This Sundials for Starters appeared in The Compendium in March 2014

Robert L. Kellogg, Ph.D.

In 1902 Alice More Earle in her book Sun-Dials and Roses of Yesterday commented:

“Of course, there are in the United States many houses that manufacture optical and mathematical instruments and also make sun-dials. There are also those who make and sell very pretty brass dials, made to look well … regardless of the shape of the gnomon or drawing of the hour lines. I know no individual, however, save Captain Bailey, who makes accurate sun-dials for all latitudes.” [Fig. 1 of Captain John S. Bailey, 19th century dial maker - Earle].

Sundial makers are not just gnomonists, they are artisans, sculpting, cutting, hammering, and chiseling in bronze, brass, copper, steel, granite, flagstone, and slate. They form sundials from stained glass with came, create tiles in their kilns, invent new materials for sunlight sculptures and apply a variety of paints, stains, sealers and varnishes.

In other words, sundials are made from just about any material. I have watched in awe the transformation of a block of metal into a fine gnomon as it is drilled, sawed, filed, and polished. There is the magic in the art of chemical etching: the ability to take computer generated drawings and transform them into resistant polymers by ultraviolet light from the sun that creates a protective shield over metal with just a trace of weakness, that when dipped into acid, leaves the etching of precise hour lines, elegant numerals and beautiful dial furniture artwork.

There are stone artisans that skillfully use mallet and chisel to cut stone, following chalked hour lines to create the grooves of hour lines and numerals. Mrs. Alfred Gatty in her famous Book of Sun-Dials first published in 1872 remarked about Scottish dials that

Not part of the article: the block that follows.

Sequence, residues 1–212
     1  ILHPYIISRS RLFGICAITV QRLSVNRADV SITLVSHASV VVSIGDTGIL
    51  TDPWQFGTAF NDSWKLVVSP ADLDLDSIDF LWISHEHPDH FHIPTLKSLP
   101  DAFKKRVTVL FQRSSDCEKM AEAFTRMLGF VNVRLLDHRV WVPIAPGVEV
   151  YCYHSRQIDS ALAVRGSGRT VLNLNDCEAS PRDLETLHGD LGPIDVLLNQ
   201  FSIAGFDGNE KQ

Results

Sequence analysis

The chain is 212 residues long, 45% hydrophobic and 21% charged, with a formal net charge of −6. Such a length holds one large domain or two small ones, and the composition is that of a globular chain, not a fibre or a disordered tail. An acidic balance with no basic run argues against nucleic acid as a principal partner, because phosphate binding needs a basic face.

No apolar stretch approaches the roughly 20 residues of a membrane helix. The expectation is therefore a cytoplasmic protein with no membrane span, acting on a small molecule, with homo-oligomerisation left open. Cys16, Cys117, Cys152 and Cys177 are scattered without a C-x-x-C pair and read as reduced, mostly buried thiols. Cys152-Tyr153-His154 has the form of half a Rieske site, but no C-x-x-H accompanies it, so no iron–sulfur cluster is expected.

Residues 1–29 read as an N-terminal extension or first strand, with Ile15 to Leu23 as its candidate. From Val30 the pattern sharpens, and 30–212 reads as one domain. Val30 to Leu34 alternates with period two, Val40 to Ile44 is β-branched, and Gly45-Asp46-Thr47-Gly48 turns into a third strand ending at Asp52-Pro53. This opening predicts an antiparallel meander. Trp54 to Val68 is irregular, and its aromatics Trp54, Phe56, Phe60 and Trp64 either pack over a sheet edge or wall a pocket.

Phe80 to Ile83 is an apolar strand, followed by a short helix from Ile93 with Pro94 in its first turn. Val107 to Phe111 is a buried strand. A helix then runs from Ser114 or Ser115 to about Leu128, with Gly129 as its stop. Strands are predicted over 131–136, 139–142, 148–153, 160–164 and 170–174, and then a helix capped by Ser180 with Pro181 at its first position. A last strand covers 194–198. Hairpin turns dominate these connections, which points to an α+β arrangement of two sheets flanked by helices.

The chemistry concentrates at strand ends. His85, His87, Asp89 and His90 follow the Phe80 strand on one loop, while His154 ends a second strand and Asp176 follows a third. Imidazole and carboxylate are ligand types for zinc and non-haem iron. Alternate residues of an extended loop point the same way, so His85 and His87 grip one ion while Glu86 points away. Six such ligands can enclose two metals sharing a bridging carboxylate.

“Skilled masons of the seventeenth and eighteenth centuries have left their mark upon the walls of their houses at Newstead, near Melrose, in many curious little dials, tow-faced, three-faced, and in one case semi-cylindrical…” (p.144) [Fig. 2. Heriot Hospital Stone Dial by William Aytoun – Maister Maissoun at Heriot – Gatty]

Stone sundials makers are still at work today. In a recent news article from Inside Tuscon Business, [ ] Alan Petrillo interviewed John Carmichael, who:

“characterized making sundials as ‘astronomy with applied mathematics. You need to know what the sun and planets are doing to conceptualize and understand the numbers.’ … For stone creations, Carmichael uses a flagstone slab weighing 150 pounds to cut a 26-inch-diameter sundial, which takes a couple of months to make. The finished sundial weighs about 80 pounds.” … “Carmichael has a love of carving stone, but admitted, ‘Stone has parts of the process that I don’t enjoy at all. The raw rock out of the quarry is heavy, and I have to get on my hands and knees to use a diamond cutter flushed by water to cut the stone. I get covered in mud, and sometimes it’s a chore to get it to a size I can work with.’ … [An] example of Carmichael’s work can be seen in Tohono Chul Park off West Ina Road, while his monumental sundials stand at the entrance to Innovation Corporate Center in Oro Valley.” [Fig. 3 Carmichael Flagstone Dial at Bullhead City – NASS #458]